SB 649 would give the wireless giants virtually limitless ability to install antennas, wireless boosters, and other equipment. The bill would shortchange taxpayers by capping lease rates of public infrastructure statewide. Meanwhile, Californians would still pay the same high prices for their wireless services.

Sydney Simon, Belmont Height Community Association board member, says that this bill is a “giveaway” to the telecommunications industry at the expense of Long Beach residents. “If this bill passes, we could potentially see cell antennas and associated equipment of up to 21 cubic feet on our utility poles.”

James Biery, legislative chair with the American Public Works Association of Southern California, spoke about the fact that SB 649 does not ensure better connectivity for all Californians. “The bill would also strip existing requirements for telecom companies to invest in disadvantaged communities, increasing the digital divide between wealthier coastal communities, and inland and rural areas that do not enjoy the same quality of cellular and high-speed internet service. We strongly support policies that lead to job-creating upgrades in technology and innovation. But SB 649 does nothing to achieve this goal.”

The speakers were joined at the podium by elected city officials from throughout Los Angeles County including:

  • Artesia Mayor Ali Taj
  • Bellflower Council Member Juan Garza
  • Artesia Council Member Victor Manalo
  • La Habra Heights Council Member Kyle Miller
  • Pico Rivera Council Member Gustavo Camacho
  • Lakewood Council Member Diane DuBois 
  • Montebello Council Member Vivian Romero, President, Independent Cities Association
  • Signal Hill Council Member Larry Forester
  • Signal Hill Council Member Lori Woods
  • Bell Council Member Ana Maria Quintana, Member, League Board of Directors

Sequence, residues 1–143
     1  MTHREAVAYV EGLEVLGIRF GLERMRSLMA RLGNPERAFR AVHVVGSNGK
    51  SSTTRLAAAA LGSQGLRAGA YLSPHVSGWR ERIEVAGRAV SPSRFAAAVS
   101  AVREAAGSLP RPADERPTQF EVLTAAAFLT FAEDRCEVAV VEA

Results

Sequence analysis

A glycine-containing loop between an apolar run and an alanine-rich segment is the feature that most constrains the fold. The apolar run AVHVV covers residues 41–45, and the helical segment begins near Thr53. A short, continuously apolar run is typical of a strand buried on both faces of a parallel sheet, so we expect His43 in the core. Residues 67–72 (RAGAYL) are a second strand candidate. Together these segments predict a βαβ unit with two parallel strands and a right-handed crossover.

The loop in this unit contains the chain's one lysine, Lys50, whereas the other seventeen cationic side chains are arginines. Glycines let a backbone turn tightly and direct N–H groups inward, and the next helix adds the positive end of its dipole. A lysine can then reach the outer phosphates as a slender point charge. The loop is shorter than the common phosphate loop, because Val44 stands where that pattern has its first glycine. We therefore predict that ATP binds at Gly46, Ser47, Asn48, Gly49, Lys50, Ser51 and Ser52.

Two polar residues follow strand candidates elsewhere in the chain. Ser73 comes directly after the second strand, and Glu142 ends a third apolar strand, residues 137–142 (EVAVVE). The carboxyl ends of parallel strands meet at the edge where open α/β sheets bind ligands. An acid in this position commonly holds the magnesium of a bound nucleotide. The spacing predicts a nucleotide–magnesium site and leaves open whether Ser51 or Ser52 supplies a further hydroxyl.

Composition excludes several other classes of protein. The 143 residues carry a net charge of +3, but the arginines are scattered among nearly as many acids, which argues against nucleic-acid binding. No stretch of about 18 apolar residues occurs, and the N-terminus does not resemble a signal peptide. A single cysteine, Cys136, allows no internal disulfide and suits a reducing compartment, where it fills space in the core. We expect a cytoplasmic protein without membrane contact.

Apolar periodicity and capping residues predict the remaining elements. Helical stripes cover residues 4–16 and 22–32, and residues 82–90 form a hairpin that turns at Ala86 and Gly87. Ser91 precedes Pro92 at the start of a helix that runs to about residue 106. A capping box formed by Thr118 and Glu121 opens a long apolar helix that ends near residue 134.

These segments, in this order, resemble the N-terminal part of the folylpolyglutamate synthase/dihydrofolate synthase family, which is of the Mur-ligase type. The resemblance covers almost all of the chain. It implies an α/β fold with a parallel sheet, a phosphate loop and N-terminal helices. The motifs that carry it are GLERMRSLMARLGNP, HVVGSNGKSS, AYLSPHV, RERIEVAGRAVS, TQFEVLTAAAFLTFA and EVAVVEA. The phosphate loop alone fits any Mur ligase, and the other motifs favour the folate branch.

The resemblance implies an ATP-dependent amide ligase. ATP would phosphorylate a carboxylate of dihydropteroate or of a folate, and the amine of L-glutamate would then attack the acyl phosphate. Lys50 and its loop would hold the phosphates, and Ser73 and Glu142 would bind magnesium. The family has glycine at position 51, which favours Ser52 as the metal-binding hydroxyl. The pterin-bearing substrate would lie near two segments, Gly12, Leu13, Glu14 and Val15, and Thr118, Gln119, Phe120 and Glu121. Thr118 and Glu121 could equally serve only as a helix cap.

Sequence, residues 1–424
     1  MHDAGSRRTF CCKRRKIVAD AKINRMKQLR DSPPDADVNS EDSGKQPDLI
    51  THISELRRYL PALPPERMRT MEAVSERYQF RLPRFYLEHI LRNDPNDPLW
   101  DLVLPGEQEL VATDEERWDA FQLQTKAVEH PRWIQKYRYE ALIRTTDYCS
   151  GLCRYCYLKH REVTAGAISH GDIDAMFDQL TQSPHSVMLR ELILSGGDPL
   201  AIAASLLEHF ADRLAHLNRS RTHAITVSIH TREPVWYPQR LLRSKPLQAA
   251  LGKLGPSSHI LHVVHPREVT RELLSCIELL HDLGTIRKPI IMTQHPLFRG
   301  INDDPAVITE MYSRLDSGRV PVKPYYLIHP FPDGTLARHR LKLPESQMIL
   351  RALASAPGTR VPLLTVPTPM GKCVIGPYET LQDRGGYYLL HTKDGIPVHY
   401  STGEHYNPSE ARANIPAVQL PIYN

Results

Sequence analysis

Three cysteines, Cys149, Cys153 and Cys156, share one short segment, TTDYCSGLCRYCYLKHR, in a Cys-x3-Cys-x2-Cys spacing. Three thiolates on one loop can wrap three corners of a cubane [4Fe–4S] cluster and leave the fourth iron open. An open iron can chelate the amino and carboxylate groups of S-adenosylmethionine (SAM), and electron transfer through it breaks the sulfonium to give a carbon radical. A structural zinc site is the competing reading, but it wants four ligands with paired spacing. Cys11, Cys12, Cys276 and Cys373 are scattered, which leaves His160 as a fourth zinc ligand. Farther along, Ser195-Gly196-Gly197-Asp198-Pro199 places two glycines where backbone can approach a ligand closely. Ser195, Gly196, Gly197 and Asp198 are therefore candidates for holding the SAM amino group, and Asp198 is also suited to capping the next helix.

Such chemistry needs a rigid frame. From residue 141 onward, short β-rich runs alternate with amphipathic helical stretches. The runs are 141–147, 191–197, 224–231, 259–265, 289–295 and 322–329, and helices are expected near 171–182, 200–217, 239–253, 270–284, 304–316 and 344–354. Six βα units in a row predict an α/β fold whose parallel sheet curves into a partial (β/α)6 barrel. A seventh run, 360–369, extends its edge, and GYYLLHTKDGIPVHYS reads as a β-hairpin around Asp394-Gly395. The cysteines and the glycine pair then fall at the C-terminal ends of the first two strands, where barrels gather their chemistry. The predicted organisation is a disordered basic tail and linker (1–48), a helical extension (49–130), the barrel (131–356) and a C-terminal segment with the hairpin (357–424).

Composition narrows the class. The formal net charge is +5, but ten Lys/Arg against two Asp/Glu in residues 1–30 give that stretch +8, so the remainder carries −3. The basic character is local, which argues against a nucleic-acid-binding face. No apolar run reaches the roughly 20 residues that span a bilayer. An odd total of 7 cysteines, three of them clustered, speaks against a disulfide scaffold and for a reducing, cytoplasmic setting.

• Culver City Council Member Jim Clarke
  • Palos Verdes Estates Council Member Jennifer King
  • Palos Verdes Estates City Planner Elizabeth Corpuz
  • Alhambra Deputy Director of Public Works Melissa Ramos
  • Dr. Jonathan L. Kramer, Local Government Attorney and Wireless Engineer, Telecom Law Firm, P.C. 

 

About the City of Long Beach

Home to approximately 470,000 people, the multiple award-winning and innovative City of Long Beach offers all the world-class amenities of a large metropolitan city while maintaining a strong sense of individual and diverse neighborhoods nestled together along the California coast. Long Beach is home to the Queen Mary, Aquarium of the Pacific, several museums and theaters, a highly-rated school district, Long Beach Airport, the Port of Long Beach, as well as many award-winning City departments such as Health, Parks, Recreation and Marine, Development Services and more. The City also has a highly-respected university and city college, two historic ranchos, five hospitals, five golf courses, 170 parks, miles of beaches, marinas, bike paths, and a Bike Share program.

For more information about the City of Long Beach, visit http://longbeach.gov/. Follow us on social to keep up with the latest news: Facebook, Twitter, Instagram, and YouTube.